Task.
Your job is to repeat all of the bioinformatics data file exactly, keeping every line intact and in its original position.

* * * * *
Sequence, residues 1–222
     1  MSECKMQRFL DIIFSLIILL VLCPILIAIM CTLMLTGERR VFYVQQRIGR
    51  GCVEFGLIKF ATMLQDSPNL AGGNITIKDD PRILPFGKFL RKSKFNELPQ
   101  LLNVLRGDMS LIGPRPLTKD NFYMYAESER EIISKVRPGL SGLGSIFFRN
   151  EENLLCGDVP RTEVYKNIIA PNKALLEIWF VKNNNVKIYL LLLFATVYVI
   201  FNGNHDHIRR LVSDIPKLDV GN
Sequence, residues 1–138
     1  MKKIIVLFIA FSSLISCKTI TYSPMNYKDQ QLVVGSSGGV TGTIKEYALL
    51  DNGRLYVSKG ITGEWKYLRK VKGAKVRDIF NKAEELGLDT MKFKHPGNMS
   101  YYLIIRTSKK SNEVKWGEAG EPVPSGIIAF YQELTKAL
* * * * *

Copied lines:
Sequence, residues 1–222
     1  MSECKMQRFL DIIFSLIILL VLCPILIAIM CTLMLTGERR VFYVQQRIGR
    51  GCVEFGLIKF ATMLQDSPNL AGGNITIKDD PRILPFGKFL RKSKFNELPQ
   101  LLNVLRGDMS LIGPRPLTKD NFYMYAESER EIISKVRPGL SGLGSIFFRN
   151  EENLLCGDVP RTEVYKNIIA PNKALLEIWF VKNNNVKIYL LLLFATVYVI
   201  FNGNHDHIRR LVSDIPKLDV GN
Sequence, residues 1–138
     1  MKKIIVLFIA FSSLISCKTI TYSPMNYKDQ QLVVGSSGGV TGTIKEYALL
    51  DNGRLYVSKG ITGEWKYLRK VKGAKVRDIF NKAEELGLDT MKFKHPGNMS
   101  YYLIIRTSKK SNEVKWGEAG EPVPSGIIAF YQELTKAL